In the meantime, cooperation on CSS will most likely be limited to regional, non-ISS nations. It is important to note that if CSS is not truly an international platform but rather an Asia-centered space station, the benefits for China are still significant. In fact, this model would be similar to the Soviet Union accommodating visitors from the Interkosmos organization on Salyut. Interkosmos was a research organization founded by the Soviet Academy of Sciences. In 1976, a number of socialist countries signed an accord with the Soviet Union to cooperate in outer space. The international space research organization was run by the Soviets in partnership with fraternal socialist states. Shortly after its formation, the Soviet Union introduced the idea of having a guest visit the Salyut station from one of the Interkosmos nations. After several record-breaking flights on Salyut, it was decided to begin the first of the Interkosmos missions. In 1978, a Czechoslovak became the first non-American or Soviet to fly into space. The public relations value of having an operational facility accommodating a succession of foreign researchers was tremendous.
The Soviet Interkosmos missions of the 1970s and 1980s should serve as an effective model for CSS missions. The visitors could come from APSCO, a Chinese-determined consortium of strategically important nations, and possibly a U.N. selection. The development of space resource services for other countries would further enhance China’s soft power in those regions. In this model, CSS participants would be expected to provide their own experiments and focus research on their home countries. Chinese experiments would remain separate from the guests’. If China defines sovereignty more like on ISS, where supreme authority rests in the hands of the owner of a given element, and independent nations operate their given areas but exercise jurisdiction with partners in mind, then cooperation will be much more open. These levels of openness, however, will not further Chinese strategic goals. Chinese rule over major elements should only be yielded to a nation that is commensurate to the partners’ technical contributions on ISS. The ISS framework, however, is a useful model, and those studying space social sciences in China agree.
The formative events in China’s space development — the launch of the first satellite in 1970, the launch of the first geostationary orbiting communications satellite in 1984, and the first human spaceflight in 2003 — qualified China for inclusion among the major spacefaring countries. In the context of China’s space history, equity appears central to the principal concern of its political leadership. It is therefore thought that China seeks inclusion, not isolation, from the international community. A China-centered space station allowing APSCO and U.N. selection of member states to send their astronauts to CSS would present the image of a responsible international actor. Meaningful technical cooperation would be limited, as it was with Interkosmos, but the diplomatic advantages would be well worth the investment. In the near-future, the Chinese Space Station will be an effective regional foreign policy tool that serves a greater strategic purpose.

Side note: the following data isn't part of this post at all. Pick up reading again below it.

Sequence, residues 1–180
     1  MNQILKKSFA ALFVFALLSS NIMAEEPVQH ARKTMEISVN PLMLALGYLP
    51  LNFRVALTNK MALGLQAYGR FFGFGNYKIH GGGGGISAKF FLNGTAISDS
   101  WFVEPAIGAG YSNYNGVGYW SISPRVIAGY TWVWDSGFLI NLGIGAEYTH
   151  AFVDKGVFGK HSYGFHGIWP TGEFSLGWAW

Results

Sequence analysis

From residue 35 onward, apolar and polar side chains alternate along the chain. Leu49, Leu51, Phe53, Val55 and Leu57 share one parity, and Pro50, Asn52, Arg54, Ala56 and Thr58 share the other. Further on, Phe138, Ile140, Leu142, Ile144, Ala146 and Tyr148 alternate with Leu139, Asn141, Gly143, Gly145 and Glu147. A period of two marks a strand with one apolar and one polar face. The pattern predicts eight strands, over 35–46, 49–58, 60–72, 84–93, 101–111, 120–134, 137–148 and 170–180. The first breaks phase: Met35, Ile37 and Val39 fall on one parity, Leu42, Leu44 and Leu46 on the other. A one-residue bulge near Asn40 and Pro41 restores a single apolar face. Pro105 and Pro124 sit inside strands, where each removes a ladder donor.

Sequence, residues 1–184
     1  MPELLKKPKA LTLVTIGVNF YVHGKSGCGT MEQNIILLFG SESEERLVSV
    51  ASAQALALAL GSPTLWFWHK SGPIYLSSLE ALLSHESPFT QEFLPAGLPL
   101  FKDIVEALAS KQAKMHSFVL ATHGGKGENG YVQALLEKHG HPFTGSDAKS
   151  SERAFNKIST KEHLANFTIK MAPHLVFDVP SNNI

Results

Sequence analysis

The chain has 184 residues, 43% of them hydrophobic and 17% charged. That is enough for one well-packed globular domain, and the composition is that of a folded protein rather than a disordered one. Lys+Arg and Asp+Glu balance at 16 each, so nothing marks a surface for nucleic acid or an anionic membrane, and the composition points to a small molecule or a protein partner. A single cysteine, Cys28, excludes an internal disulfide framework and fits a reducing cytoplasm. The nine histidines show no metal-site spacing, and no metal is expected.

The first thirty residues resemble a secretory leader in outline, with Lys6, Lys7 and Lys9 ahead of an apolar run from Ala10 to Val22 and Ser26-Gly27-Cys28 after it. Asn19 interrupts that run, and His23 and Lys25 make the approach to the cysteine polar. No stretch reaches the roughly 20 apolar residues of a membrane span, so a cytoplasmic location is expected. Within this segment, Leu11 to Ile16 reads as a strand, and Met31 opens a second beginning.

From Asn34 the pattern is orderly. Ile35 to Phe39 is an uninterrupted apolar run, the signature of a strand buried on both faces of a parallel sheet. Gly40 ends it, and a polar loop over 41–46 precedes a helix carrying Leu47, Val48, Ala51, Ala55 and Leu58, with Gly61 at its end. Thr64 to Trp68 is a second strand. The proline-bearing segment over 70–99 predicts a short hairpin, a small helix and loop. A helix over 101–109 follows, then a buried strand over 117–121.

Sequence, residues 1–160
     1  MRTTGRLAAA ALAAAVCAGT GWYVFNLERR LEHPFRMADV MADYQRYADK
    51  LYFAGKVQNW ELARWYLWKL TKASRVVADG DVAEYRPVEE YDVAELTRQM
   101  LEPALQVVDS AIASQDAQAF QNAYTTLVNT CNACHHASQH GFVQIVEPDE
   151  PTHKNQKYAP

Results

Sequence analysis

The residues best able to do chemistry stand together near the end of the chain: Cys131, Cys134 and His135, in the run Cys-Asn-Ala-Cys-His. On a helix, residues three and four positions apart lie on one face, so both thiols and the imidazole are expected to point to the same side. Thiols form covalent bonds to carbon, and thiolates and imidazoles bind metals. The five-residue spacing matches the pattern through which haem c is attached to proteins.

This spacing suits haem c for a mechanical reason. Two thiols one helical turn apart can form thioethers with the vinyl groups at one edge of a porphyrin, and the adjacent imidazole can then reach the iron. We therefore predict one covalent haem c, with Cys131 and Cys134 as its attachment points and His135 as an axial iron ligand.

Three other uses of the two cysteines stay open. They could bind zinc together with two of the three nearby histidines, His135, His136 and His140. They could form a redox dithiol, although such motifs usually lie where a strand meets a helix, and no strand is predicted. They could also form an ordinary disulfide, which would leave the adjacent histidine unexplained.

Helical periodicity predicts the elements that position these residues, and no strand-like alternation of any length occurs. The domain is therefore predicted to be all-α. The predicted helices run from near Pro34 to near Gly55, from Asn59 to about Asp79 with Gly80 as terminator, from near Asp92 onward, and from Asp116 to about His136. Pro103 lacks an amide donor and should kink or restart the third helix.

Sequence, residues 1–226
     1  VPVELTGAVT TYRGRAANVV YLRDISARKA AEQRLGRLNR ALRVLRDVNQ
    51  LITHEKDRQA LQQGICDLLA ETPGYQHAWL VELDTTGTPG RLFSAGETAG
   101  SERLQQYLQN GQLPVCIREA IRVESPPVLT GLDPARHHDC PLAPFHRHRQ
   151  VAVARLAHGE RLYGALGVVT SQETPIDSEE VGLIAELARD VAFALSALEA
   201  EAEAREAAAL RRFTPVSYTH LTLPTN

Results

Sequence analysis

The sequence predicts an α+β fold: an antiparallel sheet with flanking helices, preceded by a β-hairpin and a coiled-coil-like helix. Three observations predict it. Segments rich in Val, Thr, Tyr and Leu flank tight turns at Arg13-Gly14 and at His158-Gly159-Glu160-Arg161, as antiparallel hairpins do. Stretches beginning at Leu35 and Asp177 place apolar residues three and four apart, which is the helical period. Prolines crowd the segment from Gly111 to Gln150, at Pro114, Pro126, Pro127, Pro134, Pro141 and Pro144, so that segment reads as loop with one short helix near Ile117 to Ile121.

As for Sino-U.S. cooperation on CSS, it is not that the United States will receive the same exclusionary treatment it gave to China, but rather U.S. inclusion at this time might not be worth the effort for either side. Of course, China would be open and willing to cooperate with the United States, but the most realistic depiction of a cooperative framework on CSS in the 2020s does not include the major space powers on the same space station. CSS will remain a China-led regional platform for cooperation during its time in orbit.
Incremental steps toward cooperating bilaterally can be made between the two spacefaring nations in the meantime, but China has no dire need to include the United States on this specific project. There are many forms of cooperation, and CSS remains flexible enough to accommodate the United States if there is a change of heart in the next decade. However, China can achieve its strategic goals of operating an international space research platform without U.S. involvement. When the time finally comes for the decommissioning of ISS, China will own the only operating space station, so the question becomes: Why would it include the U.S. on anything but Chinese terms?
U.S. Navy Ensign Jordan Foley is serving as Naval Liaison to the Massachusetts Institute of Technology Lincoln Laboratory’s Space Systems Analysis Group. Opinions, interpretations, conclusions and recommendations are those of the author and are not necessarily endorsed by the U.S. government.